More than a year after the Food and Drug Administration said it might ban electric-shock devices used to modify behavior in individuals with disabilities, advocates are calling on the agency to take action.

In a letter sent last week to Stephen Ostroff, acting commissioner of the FDA, dozens of disability advocacy organizations urged the agency to ban what are known as aversive conditioning devices.

“We call for the FDA to issue a total ban on any aversive conditioning devices used for contingent electric shock, in order to protect the public’s right to safe, evidence-based treatment and the inherent human rights and dignity of people with disabilities,” reads the letter signed by over 70 advocacy groups including The Arc, the Autistic Self Advocacy Network, the Autism Society of America, the National Disability Rights Network and the National Down Syndrome Society.

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Currently, the Judge Rotenberg Educational Center in Massachusetts is believed to be the only facility in the country using devices to administer skin shocks when individuals exhibit undesired behavior. The center, which serves children and adults with developmental disabilities as well as those with behavioral and emotional problems, has long held that the approach is a last resort for those with “life-threatening behavior disorders.”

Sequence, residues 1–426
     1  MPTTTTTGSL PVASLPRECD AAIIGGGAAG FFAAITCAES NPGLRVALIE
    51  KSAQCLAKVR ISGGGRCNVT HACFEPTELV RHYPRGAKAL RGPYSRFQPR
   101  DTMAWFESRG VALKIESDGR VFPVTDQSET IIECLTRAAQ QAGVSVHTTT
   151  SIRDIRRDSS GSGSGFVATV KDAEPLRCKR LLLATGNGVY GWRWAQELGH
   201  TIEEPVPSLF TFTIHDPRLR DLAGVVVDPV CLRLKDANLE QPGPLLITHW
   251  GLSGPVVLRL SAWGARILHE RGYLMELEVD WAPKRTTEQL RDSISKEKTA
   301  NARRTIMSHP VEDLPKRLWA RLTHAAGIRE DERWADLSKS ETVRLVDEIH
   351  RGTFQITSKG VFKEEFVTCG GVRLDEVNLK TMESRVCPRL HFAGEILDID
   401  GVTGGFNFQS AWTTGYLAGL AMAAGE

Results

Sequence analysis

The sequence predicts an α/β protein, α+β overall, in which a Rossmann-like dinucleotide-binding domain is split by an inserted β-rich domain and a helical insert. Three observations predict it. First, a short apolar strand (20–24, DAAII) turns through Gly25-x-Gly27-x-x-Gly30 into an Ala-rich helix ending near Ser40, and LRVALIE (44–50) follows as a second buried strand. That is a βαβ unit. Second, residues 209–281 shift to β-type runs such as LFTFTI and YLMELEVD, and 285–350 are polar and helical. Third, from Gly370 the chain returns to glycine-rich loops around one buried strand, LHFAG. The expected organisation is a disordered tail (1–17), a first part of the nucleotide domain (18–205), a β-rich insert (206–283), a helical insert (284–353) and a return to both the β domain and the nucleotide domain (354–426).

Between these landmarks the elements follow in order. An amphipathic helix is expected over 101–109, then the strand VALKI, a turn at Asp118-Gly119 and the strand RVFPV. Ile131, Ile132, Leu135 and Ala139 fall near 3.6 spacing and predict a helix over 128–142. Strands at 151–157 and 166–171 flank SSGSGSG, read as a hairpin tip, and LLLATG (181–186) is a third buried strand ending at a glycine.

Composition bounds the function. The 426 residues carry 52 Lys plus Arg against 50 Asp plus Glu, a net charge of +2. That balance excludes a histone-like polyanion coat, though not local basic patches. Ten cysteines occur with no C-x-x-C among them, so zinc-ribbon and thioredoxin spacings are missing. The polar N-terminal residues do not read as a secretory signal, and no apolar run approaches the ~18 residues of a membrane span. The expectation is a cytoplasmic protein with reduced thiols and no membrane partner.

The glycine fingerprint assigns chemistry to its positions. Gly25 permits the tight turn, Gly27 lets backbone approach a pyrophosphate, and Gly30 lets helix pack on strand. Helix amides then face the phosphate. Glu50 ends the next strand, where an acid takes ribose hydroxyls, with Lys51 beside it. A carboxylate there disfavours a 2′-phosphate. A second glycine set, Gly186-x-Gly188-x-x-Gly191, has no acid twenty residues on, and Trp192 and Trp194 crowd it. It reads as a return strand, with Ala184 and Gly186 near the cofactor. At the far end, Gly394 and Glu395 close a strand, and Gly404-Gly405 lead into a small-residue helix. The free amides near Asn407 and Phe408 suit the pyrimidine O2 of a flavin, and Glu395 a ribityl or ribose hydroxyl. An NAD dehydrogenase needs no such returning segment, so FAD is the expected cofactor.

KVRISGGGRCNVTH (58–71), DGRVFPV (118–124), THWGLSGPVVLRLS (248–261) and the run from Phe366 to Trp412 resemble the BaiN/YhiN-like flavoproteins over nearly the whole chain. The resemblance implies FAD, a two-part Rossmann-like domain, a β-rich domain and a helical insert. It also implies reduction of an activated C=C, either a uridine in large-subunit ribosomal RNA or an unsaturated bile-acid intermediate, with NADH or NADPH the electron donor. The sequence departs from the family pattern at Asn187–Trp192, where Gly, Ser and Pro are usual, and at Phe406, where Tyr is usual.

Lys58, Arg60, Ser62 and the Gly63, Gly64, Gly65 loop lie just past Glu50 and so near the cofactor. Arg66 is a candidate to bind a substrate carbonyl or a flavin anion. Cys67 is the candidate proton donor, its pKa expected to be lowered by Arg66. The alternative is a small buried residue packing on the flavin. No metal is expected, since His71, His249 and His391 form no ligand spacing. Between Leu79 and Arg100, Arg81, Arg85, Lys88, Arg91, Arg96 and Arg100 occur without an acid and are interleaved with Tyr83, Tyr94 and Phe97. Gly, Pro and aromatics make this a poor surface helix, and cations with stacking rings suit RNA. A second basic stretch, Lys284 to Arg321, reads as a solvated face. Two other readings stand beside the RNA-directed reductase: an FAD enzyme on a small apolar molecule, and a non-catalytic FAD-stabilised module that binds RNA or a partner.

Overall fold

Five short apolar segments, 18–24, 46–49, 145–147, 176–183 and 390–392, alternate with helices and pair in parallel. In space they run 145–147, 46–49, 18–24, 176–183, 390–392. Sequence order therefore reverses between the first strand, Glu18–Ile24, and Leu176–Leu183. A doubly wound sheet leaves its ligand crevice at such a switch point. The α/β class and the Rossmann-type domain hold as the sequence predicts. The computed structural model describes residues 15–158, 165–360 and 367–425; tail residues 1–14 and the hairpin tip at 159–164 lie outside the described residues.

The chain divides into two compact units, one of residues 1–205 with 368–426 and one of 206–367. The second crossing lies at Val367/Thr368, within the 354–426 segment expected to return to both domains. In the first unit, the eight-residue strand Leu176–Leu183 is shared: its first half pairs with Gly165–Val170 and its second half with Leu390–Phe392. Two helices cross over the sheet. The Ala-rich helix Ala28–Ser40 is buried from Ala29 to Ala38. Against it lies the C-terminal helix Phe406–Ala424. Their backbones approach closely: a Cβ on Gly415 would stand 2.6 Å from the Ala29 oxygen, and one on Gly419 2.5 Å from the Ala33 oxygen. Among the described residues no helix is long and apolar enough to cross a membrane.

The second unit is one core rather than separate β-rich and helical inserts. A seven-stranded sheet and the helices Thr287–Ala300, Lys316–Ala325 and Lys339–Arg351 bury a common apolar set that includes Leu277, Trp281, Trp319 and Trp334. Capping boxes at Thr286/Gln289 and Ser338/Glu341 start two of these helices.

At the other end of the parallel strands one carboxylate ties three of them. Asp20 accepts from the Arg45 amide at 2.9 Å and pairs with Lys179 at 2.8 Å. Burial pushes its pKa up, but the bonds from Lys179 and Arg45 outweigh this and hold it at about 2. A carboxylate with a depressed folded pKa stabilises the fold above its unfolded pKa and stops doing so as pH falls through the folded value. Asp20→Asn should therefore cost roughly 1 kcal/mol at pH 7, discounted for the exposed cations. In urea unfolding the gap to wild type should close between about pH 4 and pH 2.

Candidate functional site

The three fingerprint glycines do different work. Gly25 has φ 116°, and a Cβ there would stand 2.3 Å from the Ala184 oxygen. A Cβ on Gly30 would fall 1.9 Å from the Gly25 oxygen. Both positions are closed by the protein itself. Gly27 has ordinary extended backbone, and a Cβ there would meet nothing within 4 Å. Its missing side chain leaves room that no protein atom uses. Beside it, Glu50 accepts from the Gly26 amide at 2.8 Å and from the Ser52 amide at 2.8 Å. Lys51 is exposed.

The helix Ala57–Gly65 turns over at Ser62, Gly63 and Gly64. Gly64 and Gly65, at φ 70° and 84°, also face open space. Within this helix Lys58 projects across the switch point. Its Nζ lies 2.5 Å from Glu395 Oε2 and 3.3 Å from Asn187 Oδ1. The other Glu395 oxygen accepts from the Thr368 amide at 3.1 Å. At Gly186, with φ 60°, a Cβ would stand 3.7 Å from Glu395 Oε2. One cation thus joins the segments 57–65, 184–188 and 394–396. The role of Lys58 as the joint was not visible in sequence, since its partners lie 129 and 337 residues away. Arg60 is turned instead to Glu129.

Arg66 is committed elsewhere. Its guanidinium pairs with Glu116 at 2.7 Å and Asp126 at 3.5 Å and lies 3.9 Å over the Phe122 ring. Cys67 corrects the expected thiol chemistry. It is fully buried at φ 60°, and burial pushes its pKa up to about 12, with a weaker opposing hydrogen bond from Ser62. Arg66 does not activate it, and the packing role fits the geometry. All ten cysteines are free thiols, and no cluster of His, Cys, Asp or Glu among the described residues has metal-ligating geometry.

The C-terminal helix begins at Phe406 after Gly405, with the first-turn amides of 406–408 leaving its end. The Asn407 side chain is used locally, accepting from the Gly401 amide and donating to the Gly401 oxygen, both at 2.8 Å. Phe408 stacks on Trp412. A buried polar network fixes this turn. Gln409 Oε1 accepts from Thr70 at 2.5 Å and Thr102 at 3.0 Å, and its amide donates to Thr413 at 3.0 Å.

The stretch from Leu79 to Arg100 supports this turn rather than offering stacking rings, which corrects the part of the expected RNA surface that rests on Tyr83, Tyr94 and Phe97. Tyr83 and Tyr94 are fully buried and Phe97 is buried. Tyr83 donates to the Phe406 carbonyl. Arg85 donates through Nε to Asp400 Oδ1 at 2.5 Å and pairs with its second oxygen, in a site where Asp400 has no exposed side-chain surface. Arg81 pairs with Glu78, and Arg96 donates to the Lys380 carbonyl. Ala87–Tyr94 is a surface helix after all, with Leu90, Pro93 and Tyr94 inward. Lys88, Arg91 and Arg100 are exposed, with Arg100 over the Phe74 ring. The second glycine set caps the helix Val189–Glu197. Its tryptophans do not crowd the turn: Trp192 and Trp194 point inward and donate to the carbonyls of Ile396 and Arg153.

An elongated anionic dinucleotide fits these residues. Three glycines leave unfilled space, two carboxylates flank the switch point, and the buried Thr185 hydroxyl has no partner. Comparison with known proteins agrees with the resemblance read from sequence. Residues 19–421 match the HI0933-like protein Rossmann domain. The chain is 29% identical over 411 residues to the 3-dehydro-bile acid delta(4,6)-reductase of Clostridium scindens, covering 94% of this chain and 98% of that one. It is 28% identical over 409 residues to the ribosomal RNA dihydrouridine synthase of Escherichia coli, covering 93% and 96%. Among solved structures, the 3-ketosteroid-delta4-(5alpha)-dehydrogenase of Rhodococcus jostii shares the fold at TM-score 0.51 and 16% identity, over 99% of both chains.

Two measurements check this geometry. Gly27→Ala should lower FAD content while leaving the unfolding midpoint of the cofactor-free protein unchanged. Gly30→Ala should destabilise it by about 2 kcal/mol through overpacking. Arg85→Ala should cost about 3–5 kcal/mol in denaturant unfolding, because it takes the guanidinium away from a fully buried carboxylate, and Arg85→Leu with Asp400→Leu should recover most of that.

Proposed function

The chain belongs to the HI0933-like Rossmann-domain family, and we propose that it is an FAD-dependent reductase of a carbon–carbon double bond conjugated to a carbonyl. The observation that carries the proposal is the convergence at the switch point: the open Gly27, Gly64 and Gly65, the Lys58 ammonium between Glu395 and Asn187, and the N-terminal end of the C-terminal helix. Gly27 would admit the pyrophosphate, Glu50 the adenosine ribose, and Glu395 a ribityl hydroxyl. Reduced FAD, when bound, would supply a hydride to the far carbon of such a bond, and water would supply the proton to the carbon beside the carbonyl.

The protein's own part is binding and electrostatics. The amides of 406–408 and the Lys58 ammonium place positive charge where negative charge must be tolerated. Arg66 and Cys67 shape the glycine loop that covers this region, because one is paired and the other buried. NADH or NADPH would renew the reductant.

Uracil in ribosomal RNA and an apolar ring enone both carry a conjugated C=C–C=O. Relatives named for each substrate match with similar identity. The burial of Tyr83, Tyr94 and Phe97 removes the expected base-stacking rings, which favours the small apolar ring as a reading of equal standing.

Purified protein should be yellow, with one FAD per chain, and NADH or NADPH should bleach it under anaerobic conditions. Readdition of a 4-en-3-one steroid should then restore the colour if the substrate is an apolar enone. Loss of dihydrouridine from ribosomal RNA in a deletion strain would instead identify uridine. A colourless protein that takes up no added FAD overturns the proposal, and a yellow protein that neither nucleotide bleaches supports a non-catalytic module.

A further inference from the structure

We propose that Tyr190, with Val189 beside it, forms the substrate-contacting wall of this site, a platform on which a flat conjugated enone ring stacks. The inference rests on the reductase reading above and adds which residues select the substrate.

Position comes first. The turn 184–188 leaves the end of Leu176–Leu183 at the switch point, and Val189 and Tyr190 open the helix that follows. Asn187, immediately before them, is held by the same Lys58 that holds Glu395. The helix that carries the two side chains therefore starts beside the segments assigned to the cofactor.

In April 2014, the FDA’s Neurological Devices Panel held a meeting to weigh the benefits of the devices. At the time, a majority of the panel indicated that they believed the evidence was insufficient to show that such devices provide a benefit. What’s more, most members found that the devices “presented a substantial and unreasonable risk of illness or injury.”

As an advisory panel, the group can make recommendations to the FDA, but it is up to the agency to decide whether or not to act and there is no timetable that must be followed, officials said.

Deborah Kotz, a spokeswoman for the FDA, confirmed to Disability Scoop that the agency has received the advocates’ letter and is reviewing it, but said she could not provide any details about when, or even if, there will be any action on the issue.

“We certainly take these panel meetings very seriously,” Kotz said. “It’s just impossible to predict any sort of timeline from these panel meetings because there are so many factors involved.”